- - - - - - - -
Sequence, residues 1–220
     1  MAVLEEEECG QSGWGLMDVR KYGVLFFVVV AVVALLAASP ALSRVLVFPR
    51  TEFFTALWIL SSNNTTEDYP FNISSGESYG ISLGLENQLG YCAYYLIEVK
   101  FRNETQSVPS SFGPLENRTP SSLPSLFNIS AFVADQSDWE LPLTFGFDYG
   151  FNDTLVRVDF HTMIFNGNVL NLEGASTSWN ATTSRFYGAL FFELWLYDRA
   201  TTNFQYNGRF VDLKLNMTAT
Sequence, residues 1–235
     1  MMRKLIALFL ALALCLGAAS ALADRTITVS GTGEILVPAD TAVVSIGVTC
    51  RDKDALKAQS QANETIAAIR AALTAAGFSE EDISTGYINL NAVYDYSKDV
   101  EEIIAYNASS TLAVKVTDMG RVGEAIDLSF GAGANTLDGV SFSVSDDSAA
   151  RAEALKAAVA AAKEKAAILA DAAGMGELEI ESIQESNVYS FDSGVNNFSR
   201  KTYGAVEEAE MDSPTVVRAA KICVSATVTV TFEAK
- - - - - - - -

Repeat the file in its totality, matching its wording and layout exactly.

Sequence, residues 1–220
     1  MAVLEEEECG QSGWGLMDVR KYGVLFFVVV AVVALLAASP ALSRVLVFPR
    51  TEFFTALWIL SSNNTTEDYP FNISSGESYG ISLGLENQLG YCAYYLIEVK
   101  FRNETQSVPS SFGPLENRTP SSLPSLFNIS AFVADQSDWE LPLTFGFDYG
   151  FNDTLVRVDF HTMIFNGNVL NLEGASTSWN ATTSRFYGAL FFELWLYDRA
   201  TTNFQYNGRF VDLKLNMTAT
Sequence, residues 1–235
     1  MMRKLIALFL ALALCLGAAS ALADRTITVS GTGEILVPAD TAVVSIGVTC
    51  RDKDALKAQS QANETIAAIR AALTAAGFSE EDISTGYINL NAVYDYSKDV
   101  EEIIAYNASS TLAVKVTDMG RVGEAIDLSF GAGANTLDGV SFSVSDDSAA
   151  RAEALKAAVA AAKEKAAILA DAAGMGELEI ESIQESNVYS FDSGVNNFSR
   201  KTYGAVEEAE MDSPTVVRAA KICVSATVTV TFEAK